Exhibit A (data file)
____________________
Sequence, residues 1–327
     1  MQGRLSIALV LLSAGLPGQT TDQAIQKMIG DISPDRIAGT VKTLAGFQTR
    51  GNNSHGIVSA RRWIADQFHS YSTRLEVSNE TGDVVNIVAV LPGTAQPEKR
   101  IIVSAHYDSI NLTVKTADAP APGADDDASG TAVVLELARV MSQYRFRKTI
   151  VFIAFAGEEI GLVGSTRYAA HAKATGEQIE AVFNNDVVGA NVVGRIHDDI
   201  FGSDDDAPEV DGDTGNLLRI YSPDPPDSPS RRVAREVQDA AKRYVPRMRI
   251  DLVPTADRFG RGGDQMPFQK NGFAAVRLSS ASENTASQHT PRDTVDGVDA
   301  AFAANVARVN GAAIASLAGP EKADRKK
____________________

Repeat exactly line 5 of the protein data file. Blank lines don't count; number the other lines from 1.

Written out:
   151  VFIAFAGEEI GLVGSTRYAA HAKATGEQIE AVFNNDVVGA NVVGRIHDDI